After weeks of rocket and drone attacks on US forces in Syria and Iraq, Iran has once again denied involvement in such attacks.
Iran’s ambassador to the UN claimed Tuesday that his country has “never had a hand in actions or attacks against US military forces in Syria or elsewhere.”
American troops in the region have been targeted at least 73 times since Israel began its onslaught on Gaza in response to the Hamas attack of 7 October, which killed 1,200. Iran-backed militant groups in Iraq and Syria have claimed responsibility for the attacks, but Tehran has claimed they are acting independently, angered by the war in Gaza.
However, the Islamic Republic calls these militant groups part of its axis of resistance against the United States and Israel. Almost every armed group that has targeted US forces in recent weeks is backed by or affiliated with the regime in Iran.
And yet Ambassador Iravani flatly denied any Iranian involvement and called such claims “baseless accusations’ – just as an IRGC-affiliated news agency published a video purporting to show images of the aircraft carrier USS Dwight D. Eisenhower being monitored with drones while passing through the Strait of Hormuz.
USS Eisenhower was deployed to the Middle East last month as concerns grew that the war on Gaza could spread across the region. The deployments – including warships and THAAD and Patriot batteries – were meant to deter hostile forces from attacking US personnel and interests.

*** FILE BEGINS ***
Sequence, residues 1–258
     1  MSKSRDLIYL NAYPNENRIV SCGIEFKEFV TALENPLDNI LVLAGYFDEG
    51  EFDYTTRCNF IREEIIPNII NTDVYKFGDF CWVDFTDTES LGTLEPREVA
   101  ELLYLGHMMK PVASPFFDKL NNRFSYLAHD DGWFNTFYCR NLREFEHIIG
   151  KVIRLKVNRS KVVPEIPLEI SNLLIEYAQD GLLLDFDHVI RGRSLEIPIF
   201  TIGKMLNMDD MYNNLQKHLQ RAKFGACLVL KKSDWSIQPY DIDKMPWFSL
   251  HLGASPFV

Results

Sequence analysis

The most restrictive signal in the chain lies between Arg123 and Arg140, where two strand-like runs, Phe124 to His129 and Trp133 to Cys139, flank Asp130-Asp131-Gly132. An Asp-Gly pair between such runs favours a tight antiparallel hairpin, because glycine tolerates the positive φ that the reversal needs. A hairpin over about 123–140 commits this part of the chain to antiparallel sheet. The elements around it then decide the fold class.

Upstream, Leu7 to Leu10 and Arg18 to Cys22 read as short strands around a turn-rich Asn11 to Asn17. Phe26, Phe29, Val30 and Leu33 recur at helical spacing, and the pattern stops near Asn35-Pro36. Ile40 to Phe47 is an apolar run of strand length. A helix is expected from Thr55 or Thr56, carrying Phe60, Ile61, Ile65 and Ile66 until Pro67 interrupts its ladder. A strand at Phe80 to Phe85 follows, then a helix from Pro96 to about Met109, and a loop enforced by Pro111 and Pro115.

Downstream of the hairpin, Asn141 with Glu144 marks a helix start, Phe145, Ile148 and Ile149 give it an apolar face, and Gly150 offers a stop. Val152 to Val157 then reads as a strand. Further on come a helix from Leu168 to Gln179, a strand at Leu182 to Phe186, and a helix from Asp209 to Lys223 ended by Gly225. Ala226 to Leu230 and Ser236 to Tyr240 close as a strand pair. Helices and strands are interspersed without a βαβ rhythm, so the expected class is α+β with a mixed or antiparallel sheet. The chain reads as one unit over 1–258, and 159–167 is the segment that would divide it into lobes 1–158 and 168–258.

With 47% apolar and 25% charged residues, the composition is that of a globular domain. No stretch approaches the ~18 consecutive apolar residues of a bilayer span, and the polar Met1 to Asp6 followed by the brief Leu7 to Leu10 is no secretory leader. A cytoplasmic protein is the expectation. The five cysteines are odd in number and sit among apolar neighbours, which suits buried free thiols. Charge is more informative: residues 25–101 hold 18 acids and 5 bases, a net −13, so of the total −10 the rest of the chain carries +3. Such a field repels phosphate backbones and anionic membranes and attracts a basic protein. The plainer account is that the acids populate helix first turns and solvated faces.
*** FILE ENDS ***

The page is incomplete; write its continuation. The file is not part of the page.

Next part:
But they seem to have failed to do so.
While Iran-backed groups have regularly attacked American bases in Iraq and Syria, injuring dozens, the Houthis in Yemen have seized a container ship and frequently launched missiles, including a ballistic missile last weekend that aimed at a US warship in the Gulf of Aden. The US has issued a warning to commercial shipping in the Indian Ocean.
The Pentagon has maintained throughout that it will do whatever it takes to protect American forces. But many on the Capitol have raised questions about the Biden administration's will to address the threats posed by Iran and its proxies.
“President Biden seems to be going out of his way to avoid targeting Iranians or the resources it holds dear,” Senator Tom Cotton posted on X Tuesday. “This weakness only invites more aggression.”
Republicans in Congress have been trying hard to push the Biden administration towards a more forceful stance in dealing with the regime in Iran. Several pieces of legislation have been introduced to limit the President's freedom of action in making concessions to Tehran or reverse his administration’s policies.
One such initiative in the Senate would designate Houthis as a terrorist organization, citing the group’s weekend missile attacks on a U.S. warship as an alarming escalation.
The legislation is led by Senator Ted Cruz and six other Republicans. It will reapply all sanctions on the Houthis that were lifted in 2021 when the Biden administration took office.
“The Biden administration made a day one politically driven decision to dismantle terrorism sanctions against the Houthis and their leaders,” said Senator Cruz. “That decision was an obvious and catastrophic mistake from the very beginning, and it has only become more obvious and more catastrophic as time has gone on.